If you are shopping in Thailand, on purchases totalling over $100, you can get back the VAT tax, so make sure to ask for receipts on major purchases, and note that the paperwork must be filled out and goods shown at the airport before flying home in order to get the refund.

Abstract Pricing at a Glance

Prices often fluctuate dynamically depending on capacity, seasonality and deals. We don’t want to lead you astray by quoting exact prices that quickly become wrong. To give you a rough idea for budgetary planning purposes, though, we have indicated general price ranges for all points of interest.

Price ranges are quoted in local currencies.

See & Do
N/A => Not applicable
$ => Tickets less than 100 baht per person
$$ => Tickets 100-300 baht per person
$$$ => Tickets 300 baht per person

$ => Rooms less than 1500 baht for a double
$$ => Rooms 1500-4000 baht for a double
$$$ => Rooms 4000 baht for a double

$ => 300 baht per person for a meal (without alcohol, tax, tip)
$$ => 3-500 baht per person for a meal (without alcohol, tax, tip)
$$$ => 500 baht per person for a meal (without alcohol, tax, tip)

N/A => Not applicable

$ => Tickets less than 1000 baht per person
$$ => Tickets 1000-1500 baht per person
$$$ => Tickets 1500 baht per person


Thailand is served by a wealth of comfortable travel options. All the major cities have airports, and with plenty of competition between low cost carrier airlines like Air Asia or Nok Air, or the bigger Thai Air or fancier Bangkok Airways,  it is easy to find flights. Booking in advance may produce fares that can even be cheaper than bus or train prices! Most tourists utilize at least one flight during their trip, most often from Bangkok to Chiang Mai, Phuket, or Koh Samui. Do note that Koh Samui’s airport is controlled by Bangkok Air, meaning that it is more expensive than elsewhere, and this can be avoided by flying into Surat Thani on the mainland, and then getting a ferry connection from there.

Train journeys are also an excellent way to see Thailand, with lines running both south and north, as well as one through the northeast, taking in the Isan cities of Udon Thani, Ubon Ratchathani, Nakhon Ratchasima, Surin, and Nong Khai, gateway into Laos. There are a few daytime express trains (which are not fast like French or Japanese trains), and more commonly, night trains, where one can book a sleeper berth and wake up at the destination the following morning. Night trains are far preferable to night buses, due to the high road accident rate that plagues Thailand.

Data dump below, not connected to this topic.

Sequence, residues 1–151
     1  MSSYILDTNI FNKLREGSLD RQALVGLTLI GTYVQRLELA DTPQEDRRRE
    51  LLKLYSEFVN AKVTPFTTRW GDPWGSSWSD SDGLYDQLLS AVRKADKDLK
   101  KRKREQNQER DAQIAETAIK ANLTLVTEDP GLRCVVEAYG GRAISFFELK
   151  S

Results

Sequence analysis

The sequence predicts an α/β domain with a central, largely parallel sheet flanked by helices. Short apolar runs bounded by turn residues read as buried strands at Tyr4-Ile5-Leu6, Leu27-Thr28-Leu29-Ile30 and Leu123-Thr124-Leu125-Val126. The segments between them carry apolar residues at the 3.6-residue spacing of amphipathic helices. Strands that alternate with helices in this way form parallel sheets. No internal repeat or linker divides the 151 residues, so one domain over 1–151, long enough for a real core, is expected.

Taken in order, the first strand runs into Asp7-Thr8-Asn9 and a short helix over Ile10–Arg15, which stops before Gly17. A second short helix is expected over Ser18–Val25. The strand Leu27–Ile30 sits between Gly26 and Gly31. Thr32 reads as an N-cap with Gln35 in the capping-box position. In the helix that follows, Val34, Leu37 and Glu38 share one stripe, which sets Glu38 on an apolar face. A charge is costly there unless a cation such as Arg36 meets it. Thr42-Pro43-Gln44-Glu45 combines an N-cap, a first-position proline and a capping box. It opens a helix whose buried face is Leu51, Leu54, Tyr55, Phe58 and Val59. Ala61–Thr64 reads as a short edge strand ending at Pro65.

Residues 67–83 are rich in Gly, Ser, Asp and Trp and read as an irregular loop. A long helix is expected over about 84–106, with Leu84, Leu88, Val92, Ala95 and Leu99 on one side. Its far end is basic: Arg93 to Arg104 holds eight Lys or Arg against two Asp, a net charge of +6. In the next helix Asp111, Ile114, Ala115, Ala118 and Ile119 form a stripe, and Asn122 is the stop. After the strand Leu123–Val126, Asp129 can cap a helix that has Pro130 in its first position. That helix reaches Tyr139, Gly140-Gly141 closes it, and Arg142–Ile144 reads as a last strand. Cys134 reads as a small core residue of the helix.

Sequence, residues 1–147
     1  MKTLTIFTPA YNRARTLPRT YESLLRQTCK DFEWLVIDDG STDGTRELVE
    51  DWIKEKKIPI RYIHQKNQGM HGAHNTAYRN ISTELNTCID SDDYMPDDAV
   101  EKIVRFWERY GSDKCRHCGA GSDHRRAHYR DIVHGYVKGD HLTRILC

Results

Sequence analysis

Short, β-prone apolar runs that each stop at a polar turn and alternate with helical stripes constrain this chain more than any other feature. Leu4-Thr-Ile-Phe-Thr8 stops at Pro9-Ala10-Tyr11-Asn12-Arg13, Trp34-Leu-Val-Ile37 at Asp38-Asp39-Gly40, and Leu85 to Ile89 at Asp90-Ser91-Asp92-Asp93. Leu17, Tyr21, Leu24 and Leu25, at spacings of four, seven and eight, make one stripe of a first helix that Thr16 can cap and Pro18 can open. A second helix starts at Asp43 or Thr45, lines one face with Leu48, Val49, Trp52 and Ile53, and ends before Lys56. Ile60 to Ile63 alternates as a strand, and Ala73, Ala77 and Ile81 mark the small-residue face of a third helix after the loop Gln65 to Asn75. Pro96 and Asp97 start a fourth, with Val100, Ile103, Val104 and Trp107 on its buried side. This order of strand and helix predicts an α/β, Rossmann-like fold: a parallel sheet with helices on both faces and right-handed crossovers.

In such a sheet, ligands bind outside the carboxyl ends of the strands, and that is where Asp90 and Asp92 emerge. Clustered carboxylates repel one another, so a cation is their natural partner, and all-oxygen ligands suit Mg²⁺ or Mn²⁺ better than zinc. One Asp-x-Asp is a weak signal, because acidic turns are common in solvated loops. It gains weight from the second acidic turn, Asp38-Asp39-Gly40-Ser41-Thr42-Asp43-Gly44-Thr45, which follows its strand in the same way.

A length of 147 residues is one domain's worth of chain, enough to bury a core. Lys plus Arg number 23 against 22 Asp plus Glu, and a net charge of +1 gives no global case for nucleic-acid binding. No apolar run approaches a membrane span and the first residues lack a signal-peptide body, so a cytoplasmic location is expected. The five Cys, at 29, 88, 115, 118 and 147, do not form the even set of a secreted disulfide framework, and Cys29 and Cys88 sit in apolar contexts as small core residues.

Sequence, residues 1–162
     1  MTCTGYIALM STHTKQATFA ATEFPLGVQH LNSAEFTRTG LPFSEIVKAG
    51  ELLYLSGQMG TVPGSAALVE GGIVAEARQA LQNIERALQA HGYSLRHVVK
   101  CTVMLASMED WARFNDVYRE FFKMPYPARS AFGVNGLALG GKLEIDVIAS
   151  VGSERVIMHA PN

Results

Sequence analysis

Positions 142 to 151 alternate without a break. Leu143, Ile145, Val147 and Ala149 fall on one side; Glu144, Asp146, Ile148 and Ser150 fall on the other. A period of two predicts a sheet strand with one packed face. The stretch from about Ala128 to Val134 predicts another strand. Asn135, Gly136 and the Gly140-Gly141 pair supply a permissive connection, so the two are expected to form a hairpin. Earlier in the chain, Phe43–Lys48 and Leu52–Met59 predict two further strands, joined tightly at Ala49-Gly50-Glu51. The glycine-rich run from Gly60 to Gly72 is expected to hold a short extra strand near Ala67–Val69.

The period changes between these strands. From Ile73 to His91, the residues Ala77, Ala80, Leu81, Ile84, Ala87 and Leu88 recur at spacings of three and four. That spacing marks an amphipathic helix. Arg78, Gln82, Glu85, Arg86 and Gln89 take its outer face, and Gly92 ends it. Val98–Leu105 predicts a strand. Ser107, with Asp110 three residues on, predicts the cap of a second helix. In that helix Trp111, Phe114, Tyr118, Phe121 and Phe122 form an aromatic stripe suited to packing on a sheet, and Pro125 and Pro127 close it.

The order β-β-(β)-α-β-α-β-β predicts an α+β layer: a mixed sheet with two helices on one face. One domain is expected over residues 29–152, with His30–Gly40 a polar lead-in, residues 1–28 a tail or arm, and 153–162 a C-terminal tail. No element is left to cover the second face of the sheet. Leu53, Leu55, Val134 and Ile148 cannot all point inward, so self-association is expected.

Buses are certainly comfortable and convenient, as they go all over the country, and the first class buses are equipped with soft seats, restrooms, and plenty of other perks. Private companies like Nakhon Chai Air have their own terminals, best used for trips from Bangkok to Chiang Mai, but do heed the warning about night travel above. There are also local buses in every town that will get you to the next destination up the road.

Other types of transport include songthaews, basically a pickup truck outfitted with benches in the rear, which run fixed routes and are shared. They are a good way of getting around cities as well as into the countryside from larger towns, and they cost next to nothing. Taxis are available in bigger cities, although Bangkok is about the only place that they will actually use their meters, and in spots like Phuket, they are notorious for overcharging. There are also motorcycle taxis in all cities, and while they aren’t exactly safe, they are a necessary evil, sometimes the only way of getting around during rush hour gridlock.

Finally, if you are planning countryside tours, renting a car can be a great way to go. All major rental companies can be found in Thailand, the road system is extensive and roads are well paved and with fairly abundant English signage, although not well lit at night, and travellers would do best to restrict their driving to daytime hours. For getting off the beaten path, to national parks, and avoiding high private transport fees, a car is a great way to go here.